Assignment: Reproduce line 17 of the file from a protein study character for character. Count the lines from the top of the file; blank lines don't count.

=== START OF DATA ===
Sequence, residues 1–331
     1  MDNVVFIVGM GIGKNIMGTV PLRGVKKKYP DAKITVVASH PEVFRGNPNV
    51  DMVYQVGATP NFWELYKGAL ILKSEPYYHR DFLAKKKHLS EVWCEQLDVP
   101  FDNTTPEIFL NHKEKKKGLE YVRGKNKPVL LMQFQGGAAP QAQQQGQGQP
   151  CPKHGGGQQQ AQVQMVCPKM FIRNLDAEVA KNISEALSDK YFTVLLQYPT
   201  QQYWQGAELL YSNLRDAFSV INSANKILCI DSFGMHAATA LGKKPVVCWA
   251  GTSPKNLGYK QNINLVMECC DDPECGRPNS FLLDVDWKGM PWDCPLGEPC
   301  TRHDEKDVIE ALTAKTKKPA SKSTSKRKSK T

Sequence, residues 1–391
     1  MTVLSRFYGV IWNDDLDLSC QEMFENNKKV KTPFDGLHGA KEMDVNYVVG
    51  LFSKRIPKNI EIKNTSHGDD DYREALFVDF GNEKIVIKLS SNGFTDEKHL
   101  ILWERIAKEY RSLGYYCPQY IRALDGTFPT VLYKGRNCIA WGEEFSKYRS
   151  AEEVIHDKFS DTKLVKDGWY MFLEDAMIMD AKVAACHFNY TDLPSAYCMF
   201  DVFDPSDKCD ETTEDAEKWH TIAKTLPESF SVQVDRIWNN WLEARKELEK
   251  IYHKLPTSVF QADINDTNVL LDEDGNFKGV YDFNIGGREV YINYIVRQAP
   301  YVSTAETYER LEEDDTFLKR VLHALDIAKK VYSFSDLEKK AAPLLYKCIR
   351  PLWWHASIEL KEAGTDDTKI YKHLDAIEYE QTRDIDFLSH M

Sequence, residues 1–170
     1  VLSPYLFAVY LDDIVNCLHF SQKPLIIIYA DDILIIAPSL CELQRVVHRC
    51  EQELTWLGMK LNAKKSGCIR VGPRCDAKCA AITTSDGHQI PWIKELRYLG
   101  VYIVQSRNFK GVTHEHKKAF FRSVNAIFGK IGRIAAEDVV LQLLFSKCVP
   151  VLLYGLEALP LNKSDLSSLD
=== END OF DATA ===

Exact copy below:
   351  PLWWHASIEL KEAGTDDTKI YKHLDAIEYE QTRDIDFLSH M